Darin Schriever, a staff engineer with DeWild Grant Reckert and Associates, said they first looked at conventional ion exchange with a salt brine for regeneration, a process similar to the one successfully used by the nearby cities of Ellsworth and Adrian to deal with nitrate problems. However, Lincoln-Pipestone had no place for the waste, which thus eliminated this method from consideration. They then studied a new technology, ion exchange with carbon dioxide regeneration, a process that would have required pilot testing since the technology hadn’t been fully proven in this area.

Rather than move ahead with pilot testing of the ion exchange, the group turned to membrane processes and considered both reverse-osmosis (R/O) and electrodialysis reversal. “We were going to bid both competitively,” said Schreiver, “but they would have required a different plant layout, so we would have needed different plant designs to accomplish that. In the end, we decided to go with R/O.”

Because of the different quality of water from the various wells in the Holland well field—with the high-nitrate wells generally low in manganese and the low-nitrate wells high in manganese—it was decided to install two treatment trains in the new plant.

Water from the high-manganese wells is directed to three 12-foot diameter pressure filters with greensand media. Total filter capacity is 1,020 gallons per minute (gpm). Potassium permanganate and chlorine are used for oxidation.

Through a separate supply line, water from the high-nitrate wells is directed to two 400-gpm reverse-osmosis units. (If necessary, the pressure filters can be used for iron and manganese pre-treatment of water before it enters the R/O membranes.)

Each of the R/O units allow for three passes of the water—through 8 membrane vessels in the first pass to 5 vessels to 3 vessels—with a projected recovery rate of 80 percent. Each vessel contains five membrane elements. The dual units allow for redundancy so that the reverse-osmosis treatment will not be interrupted if one of the units is out of service because of maintenance or other reasons.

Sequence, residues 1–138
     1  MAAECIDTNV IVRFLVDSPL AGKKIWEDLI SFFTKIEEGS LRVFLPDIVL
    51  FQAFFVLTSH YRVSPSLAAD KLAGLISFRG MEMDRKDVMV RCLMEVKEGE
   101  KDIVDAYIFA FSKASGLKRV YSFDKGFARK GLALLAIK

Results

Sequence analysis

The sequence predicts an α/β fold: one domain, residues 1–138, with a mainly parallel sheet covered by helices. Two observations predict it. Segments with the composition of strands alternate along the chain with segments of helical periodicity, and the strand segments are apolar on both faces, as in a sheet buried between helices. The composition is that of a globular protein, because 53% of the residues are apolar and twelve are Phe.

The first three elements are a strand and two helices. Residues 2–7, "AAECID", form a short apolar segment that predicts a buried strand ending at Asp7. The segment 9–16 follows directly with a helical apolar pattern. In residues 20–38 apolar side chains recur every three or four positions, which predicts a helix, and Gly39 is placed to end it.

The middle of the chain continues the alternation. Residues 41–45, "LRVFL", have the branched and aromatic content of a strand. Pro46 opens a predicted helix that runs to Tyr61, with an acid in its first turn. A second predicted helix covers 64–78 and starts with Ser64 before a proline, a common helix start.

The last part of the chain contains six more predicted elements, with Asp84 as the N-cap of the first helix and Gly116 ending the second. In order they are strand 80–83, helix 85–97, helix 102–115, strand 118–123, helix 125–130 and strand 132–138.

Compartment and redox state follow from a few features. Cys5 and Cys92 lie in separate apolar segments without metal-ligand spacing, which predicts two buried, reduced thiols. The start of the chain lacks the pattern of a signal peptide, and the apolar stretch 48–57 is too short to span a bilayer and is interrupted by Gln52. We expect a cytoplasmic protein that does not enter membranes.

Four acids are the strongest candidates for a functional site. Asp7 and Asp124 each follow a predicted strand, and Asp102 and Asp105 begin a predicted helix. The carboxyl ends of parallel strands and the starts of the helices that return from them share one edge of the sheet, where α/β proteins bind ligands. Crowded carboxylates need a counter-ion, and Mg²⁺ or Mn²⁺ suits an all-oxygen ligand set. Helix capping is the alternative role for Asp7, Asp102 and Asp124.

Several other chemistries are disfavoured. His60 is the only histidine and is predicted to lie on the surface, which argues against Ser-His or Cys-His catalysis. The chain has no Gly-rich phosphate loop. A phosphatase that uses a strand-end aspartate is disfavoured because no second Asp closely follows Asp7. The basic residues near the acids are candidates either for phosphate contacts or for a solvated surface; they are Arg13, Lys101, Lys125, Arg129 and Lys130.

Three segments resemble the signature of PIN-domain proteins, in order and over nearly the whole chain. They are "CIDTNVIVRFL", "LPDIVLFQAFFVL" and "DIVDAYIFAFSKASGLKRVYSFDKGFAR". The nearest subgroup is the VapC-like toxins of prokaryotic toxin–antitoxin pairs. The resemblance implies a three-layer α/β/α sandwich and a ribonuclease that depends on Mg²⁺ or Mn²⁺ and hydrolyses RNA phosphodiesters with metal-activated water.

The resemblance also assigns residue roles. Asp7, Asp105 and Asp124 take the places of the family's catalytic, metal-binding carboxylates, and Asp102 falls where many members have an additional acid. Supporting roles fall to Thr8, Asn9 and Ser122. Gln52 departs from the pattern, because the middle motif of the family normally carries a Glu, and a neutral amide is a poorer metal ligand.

Reverse-osmosis filter units
Pressure filters
Each of the reverse-osmosis filter units allows for three passes and have a projected recovery rate of 80 percent.
Water with low nitrate levels goes through pressure filters to reduce manganese.

The R/O treatment sequence consists of a booster pump with variable frequency drive sending the raw water from the wells through a one-micron cartridge filter to remove any particulates that could clog the R/O membranes. After an anti-scalant chemical is injected, the water goes to the main R/O pressure pump that allows the elements to operate at a primary membrane pressure of 200 pounds per square inch.

Next is the reverse-osmosis treatment, with side-entry pressure vessels and eight-inch diameter membrane elements. The system was designed with an automatic permeate flush, and caustic soda is added to adjust the pH of the permeate after the water has made its passes through the three sets of membrane elements. At this point, the water is blended with the water from the pressure filters and sent to the ground storage reservoirs.

Lincoln-Pipestone RWS is only the second community water system in the state to use reverse-osmosis. In 1998, the city of Madison—approximately 70 miles north of Lincoln-Pipestone’s Holland Treatment Plant—installed an R/O system to deal with sulfates, hardness, and iron and manganese.

Construction on the Holland Treatment Plant began in April of 1999 with the reverse-osmosis system going on-line on Friday, October 29.

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Updated Thursday, 22-May-2014 06:42:33 CDT